By Felix M. Gradstein, James G. Ogg, Alan G. Smith
Half I. creation: 1. advent F. M. Gradstein; 2. Chronostratigraphy - linking time and rock F. M. Gradstein, J. G. Ogg and A. G. Smith; half II. suggestions and techniques: three. Biostratigraphy F. M. Gradstein, R. A. Cooper and P. M. Sadler; four. Earth's orbital parameters and cycle stratigraphy L. A. Hinnov; five. The geomagnetic polarity time scale J. G. Ogg and A. G. Smith; 6. Radiogenic isotope geochronology M. Villeneuve; 7. strong isotopes J. M. McArthur and R. J. Howarth; eight. Geomathematics F. P. Agterberg; half III. Geologic classes: nine. The Precambrian: the Archaen and Proterozoic eons L. J. Robb, A. H. Knoll, ok. A. Plumb, G. A. Shields, H. Strauss and J. Veizer; 10. towards a 'natural' Precambrian time scale W. Bleeker; eleven. The Cambrian interval J. H. Shergold and R. A. Cooper; 12. The Ordovician interval R. A. Cooper and P. M. Sadler; thirteen. The Silurian interval M. J. Melchin, R. A. Cooper and P. M. Sadler; 14. The Devonian interval M. R. condo and F. M. Gradstein; 15. The Carboniferous interval V. Davydov, B. R. Wardlaw and F. M. Gradstein; sixteen. The Permian interval B. R. Wardlaw, V. Davydov and F. M. Gradstein; 17. The Triassic interval J. G. Ogg; 18. The Jurassic interval J. G. Ogg; 19. The Cretaceous interval J. G. Ogg, F. P. Agterberg and F. M. Gradstein; 20. The Paleogene interval H. P. Luterbacher, J. R. Ali, H. Brinkhuis, F. M. Gradstein, J. J. Hooker, S. Monechi, J. G. Ogg, J. Powell, U. Rohl, A. Sanfilippo, and B. Schmitz; 21. The Neogene interval L. Lourens, F. Hilgen, N. J. Shackleton, J. Laskar and D. Wilson; 22. The Pleistocene and Holocene epochs P. Gibbard and T. van Kolfschoten; half IV. precis: 23. development and precis of the geologic time scale F. M.. Gradstein, J. G. Ogg and A. G. Smith; Appendices; Bibliography; Stratigraphic index; basic index
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Extra resources for A geologic time scale 2004
1995a), and Tucker and McKerrow (1995). The International Stratigraphic Chart (Remane, 2000) is an important document for stratigraphic nomenclature (including Precambrian), and included a contrast of age estimates for stratigraphic boundaries modiﬁed from Odin and Odin (1990), Odin (1994), Berggren et al. (1995a), and individual ICS subcommissions. During the 1990s, a series of developments in integrated stratigraphy and isotopic methodology enabled relative and linear geochronology at unprecedented high resolution.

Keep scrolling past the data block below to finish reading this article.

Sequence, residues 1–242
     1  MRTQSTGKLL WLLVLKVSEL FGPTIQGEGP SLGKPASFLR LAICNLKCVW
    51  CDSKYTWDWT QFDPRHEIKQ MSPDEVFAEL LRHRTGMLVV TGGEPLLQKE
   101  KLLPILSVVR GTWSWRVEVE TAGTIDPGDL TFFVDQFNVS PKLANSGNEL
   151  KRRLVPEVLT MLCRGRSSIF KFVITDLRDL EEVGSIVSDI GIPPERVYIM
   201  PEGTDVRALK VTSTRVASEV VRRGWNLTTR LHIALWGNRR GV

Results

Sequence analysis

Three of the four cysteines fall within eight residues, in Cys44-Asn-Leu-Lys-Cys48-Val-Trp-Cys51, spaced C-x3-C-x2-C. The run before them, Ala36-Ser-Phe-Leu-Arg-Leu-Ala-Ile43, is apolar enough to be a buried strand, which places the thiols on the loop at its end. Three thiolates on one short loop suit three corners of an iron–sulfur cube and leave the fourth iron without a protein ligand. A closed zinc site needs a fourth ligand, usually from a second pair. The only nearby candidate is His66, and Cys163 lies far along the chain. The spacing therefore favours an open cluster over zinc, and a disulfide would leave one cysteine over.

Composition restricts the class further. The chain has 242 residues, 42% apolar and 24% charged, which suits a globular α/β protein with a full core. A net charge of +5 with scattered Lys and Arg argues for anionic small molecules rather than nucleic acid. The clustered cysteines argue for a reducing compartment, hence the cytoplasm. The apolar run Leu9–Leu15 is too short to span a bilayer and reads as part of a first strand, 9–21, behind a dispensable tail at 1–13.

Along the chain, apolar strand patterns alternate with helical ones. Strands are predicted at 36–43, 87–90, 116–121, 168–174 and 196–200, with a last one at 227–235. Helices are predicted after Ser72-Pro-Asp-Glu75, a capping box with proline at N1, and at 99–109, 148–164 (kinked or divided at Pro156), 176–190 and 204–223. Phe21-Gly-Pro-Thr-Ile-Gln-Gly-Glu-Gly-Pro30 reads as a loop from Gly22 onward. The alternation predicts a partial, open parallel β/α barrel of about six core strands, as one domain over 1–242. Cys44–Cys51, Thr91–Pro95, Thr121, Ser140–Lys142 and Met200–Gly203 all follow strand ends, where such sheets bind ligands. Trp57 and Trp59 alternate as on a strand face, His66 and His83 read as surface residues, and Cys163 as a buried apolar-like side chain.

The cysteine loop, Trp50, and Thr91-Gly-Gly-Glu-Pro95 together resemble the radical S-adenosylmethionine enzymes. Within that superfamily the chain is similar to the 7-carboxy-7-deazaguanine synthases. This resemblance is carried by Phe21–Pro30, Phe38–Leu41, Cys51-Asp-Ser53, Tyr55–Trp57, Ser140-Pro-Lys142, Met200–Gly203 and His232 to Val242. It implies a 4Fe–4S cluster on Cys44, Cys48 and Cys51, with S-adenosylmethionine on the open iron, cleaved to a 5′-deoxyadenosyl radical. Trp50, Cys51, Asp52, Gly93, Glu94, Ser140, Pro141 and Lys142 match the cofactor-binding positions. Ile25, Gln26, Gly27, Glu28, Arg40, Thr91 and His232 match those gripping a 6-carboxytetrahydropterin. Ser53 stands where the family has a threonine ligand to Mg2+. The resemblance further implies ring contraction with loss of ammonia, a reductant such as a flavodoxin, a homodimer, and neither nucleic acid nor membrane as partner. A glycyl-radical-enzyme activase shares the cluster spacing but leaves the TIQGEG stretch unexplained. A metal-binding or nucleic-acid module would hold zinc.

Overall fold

2 Requirements for establishing a global stratotype section and point (GSSP)a 1. Name and stratigraphic rank of the boundary Including concise statement of GSSP deﬁnition 2. ) Precise location and stratigraphic position of GSSP level and speciﬁc point Stratigraphic completeness across the GSSP level Adequate thickness and stratigraphic extent of section above and below Accessibility, including logistics, national politics, and property rights Provisions for conservation and protection 3. Primary and secondary markers Principal correlation event (marker) at GSSP level Other primary and secondary markers – biostratigraphy, magnetostratigraphy, chemical stratigraphy, sequence stratigraphy, cycle stratigraphy, other event stratigraphy, marine–land correlation potential Potential age dating from volcanic ashes and/or orbital tuning Demonstration of regional and global correlation 4.
Then, a suite of U–Pb zircon ages using the TIMS method for six volcanic ashes closely tied to biostratigraphic zones were used to adjust and calibrate this scaling. The Devonian scale in GTS2004 uses a modiﬁed version of their biostratigraphic scaling with a calibration from additional age dates (see Chapter 14). A similar technique is applied to the Carboniferous and Permian in GTS2004. Cooper and Sadler added a new tool to the arsenal of time scale methodology, as applied to the Early Paleozoic time scale (see Chapters 12 and 13).